Health Implications: The Toll on Body and Mind

When it comes to crack cocaine, the stakes are high—the drug has some severe and long-term effects on both physical and psychological well-being. Here’s what prolonged use can lead to:

Physical Effects

  • Respiratory Issues: Chronic cough, bronchitis, and other lung-related problems.
  • Heart Complications: Increased risk of heart attack, arrhythmias, and hypertension.
  • Stroke: Elevated risk due to increased blood pressure and arterial constriction.
  • Digestive Problems: Chronic nausea, abdominal pain, and bowel gangrene.
  • Weight Loss: Severe, unhealthy weight loss due to reduced appetite.
  • Skin Conditions: Abscesses, cellulitis, and other skin infections.
  • Dental Issues: Tooth decay and gum disease.
  • Sexual Dysfunction: Impotence and infertility can occur.
  • Weakened Immune System: Greater susceptibility to infections.
  • Malnutrition: Lack of essential nutrients due to neglect of dietary needs.

Psychological Effects

  • Addiction: Extreme dependency due to changes in the brain’s reward system.
  • Anxiety Disorders: Persistent, often debilitating anxiety.
  • Depression: Chronic feelings of sadness, hopelessness, and lack of motivation.
  • Paranoia: Intense feelings of suspicion and fear, sometimes leading to violent behaviour.
  • Hallucinations: Seeing or hearing things that aren’t there.
  • Cognitive Decline: Impaired attention, decision-making, and memory.
  • Emotional Instability: Drastic mood swings and irritability.
  • Social Isolation: Withdrawal from family and friends, leading to loneliness.
  • Psychosis: In extreme cases, loss of touch with reality.
  • Impaired Judgment: Poor decision-making skills, leading to risky behaviours.

Withdrawal Symptoms: Medical Supervision is Crucial

Withdrawing from crack cocaine is a medical situation that absolutely requires professional supervision. The process can be intensely uncomfortable, and in some cases, even life-threatening. Detox should never be attempted without medical guidance, as complications can arise that require immediate medical intervention.

Withdrawal Symptoms:

  • Intense Cravings: Overwhelming desire to use the drug again.
  • Agitation and Restlessness: A general feeling of discomfort and inability to stay calm.
  • Fatigue: Extreme tiredness and lack of energy.
  • Depression: Deep sadness, often accompanied by feelings of hopelessness.
  • Anxiety: Increased nervousness, often leading to panic attacks.
  • Sleep Disruptions: Insomnia or hypersomnia, altering normal sleep patterns.
  • Mood Swings: Emotional instability, ranging from anger to sadness.
  • Nausea and Vomiting: Gastrointestinal distress as the body adjusts.
  • Chills and Sweats: The body’s internal thermostat is out of sync.
  • Muscle Pain: Aches and discomfort throughout the body.
  • Difficulty Concentrating: Impaired cognitive function, affecting focus and decision-making.

Seeking Professional Help

If you’re reading this and finding that a lot of the signs and symptoms resonate with what you’re experiencing in your loved one’s behaviour, it’s probably feeling very real and very urgent right now. But remember, you’re not alone. There is help available. When it comes to something as serious as crack cocaine use and withdrawal, professional guidance isn’t optional—it’s essential.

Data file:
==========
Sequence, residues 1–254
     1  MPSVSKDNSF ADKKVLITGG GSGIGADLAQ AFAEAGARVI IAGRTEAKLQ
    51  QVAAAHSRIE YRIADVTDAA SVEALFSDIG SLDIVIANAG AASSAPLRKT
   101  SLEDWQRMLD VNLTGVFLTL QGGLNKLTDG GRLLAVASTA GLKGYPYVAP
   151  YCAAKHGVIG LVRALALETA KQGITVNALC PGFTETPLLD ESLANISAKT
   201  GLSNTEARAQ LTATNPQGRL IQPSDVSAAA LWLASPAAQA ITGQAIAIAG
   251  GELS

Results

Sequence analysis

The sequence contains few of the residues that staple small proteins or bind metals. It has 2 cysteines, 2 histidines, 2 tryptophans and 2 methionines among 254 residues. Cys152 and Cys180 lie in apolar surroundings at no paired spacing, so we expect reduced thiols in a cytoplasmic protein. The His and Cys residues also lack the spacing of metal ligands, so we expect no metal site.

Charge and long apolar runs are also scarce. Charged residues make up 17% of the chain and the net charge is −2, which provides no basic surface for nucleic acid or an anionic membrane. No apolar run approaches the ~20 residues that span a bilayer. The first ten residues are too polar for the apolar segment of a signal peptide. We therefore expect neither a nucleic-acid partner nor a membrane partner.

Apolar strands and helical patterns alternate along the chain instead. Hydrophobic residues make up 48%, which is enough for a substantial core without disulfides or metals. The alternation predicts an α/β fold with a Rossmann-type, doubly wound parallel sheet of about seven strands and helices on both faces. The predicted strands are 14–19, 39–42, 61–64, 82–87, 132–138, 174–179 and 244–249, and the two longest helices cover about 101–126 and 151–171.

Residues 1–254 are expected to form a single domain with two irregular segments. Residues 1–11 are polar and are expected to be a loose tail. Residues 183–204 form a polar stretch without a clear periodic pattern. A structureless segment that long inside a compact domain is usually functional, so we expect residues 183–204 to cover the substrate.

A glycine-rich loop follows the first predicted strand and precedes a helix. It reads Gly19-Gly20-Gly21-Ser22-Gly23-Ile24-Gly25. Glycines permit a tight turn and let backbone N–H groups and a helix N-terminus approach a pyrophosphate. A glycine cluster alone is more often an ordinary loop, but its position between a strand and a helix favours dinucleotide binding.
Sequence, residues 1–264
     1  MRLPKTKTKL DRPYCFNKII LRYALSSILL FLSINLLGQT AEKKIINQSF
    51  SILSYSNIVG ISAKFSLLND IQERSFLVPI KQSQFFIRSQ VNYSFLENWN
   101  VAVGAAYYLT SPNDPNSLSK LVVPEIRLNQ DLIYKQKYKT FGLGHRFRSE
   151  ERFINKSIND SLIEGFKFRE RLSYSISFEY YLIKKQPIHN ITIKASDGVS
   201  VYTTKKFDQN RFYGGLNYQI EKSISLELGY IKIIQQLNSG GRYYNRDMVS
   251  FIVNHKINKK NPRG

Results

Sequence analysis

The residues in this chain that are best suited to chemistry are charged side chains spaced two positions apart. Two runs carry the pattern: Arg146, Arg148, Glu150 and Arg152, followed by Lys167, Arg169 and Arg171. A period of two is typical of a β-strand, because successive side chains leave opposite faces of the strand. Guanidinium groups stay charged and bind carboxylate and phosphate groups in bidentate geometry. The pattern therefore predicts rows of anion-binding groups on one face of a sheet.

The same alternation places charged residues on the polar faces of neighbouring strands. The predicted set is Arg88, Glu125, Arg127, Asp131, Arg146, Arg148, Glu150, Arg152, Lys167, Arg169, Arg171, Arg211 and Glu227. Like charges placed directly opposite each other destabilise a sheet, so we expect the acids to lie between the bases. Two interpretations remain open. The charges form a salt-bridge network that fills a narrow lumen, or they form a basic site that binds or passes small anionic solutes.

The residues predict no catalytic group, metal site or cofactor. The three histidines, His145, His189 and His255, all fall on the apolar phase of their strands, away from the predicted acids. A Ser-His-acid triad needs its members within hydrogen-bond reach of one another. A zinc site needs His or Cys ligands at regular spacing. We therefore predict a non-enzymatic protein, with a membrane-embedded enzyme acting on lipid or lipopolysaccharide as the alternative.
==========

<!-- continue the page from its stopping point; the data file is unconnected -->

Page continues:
Healthcare professionals can conduct thorough assessments to properly diagnose the situation and come up with a tailored treatment plan that could include detox, medication, and therapy options. They’ll also be the ones to safely manage withdrawal symptoms, which can be life-threatening if not handled correctly.

Types of Professional Help Available:

Your first step might be to consult your family physician, who can then refer you to specialists in addiction treatment. Or, you might opt to go straight to a facility that specializes in addiction recovery. Regardless, the important thing is to take that step, and sooner rather than later.

The road to recovery is long and can be challenging, but every journey starts with a single step. You’re already taking the first ones by educating yourself and taking the situation seriously. Continue on this path by seeking the professional help your loved one needs to truly address their issue. Remember, you don’t have to do this alone. There’s a whole network of professionals whose job it is to help people in exactly this situation.

Related Article

05 Feb 2024

Risks of Benzodiazepine Use: What to Know

Benzodiazepines, sometimes called “benzos,” are prescription medications that depress the..

View More
29 Jan 2024

Medication Assisted Treatment

Addiction is a chronic brain disease characterized by an intense..

View More
08 Jan 2024

What Are Adult Children of Alcoholics (ACOAs)?

Adult Children of Alcoholics, or ACOAs for short, are people..

View More
04 Jan 2024

Exploring the Link Between Substance Abuse and Mental Health

More often than not, the issues of substance abuse and..

View More

Our Happy Clients


“So instead of my story starting at birth (which is a horrendous story in itself!), I’m going to start where my addiction really started, which was 2006 while I was working as a nurse. I had very recently gotten a divorce and had untreated mental health issues. I began using meth to self-medicate because I felt so down…

See More Testimonials

June 8, 2023

& Certifications

the joint commission gold

We Accept Most Major Insurances and Private Pay Options are Available.


If you do not see your insurance carrier below, please contact us to verify yourbenefits with an admissions specialist.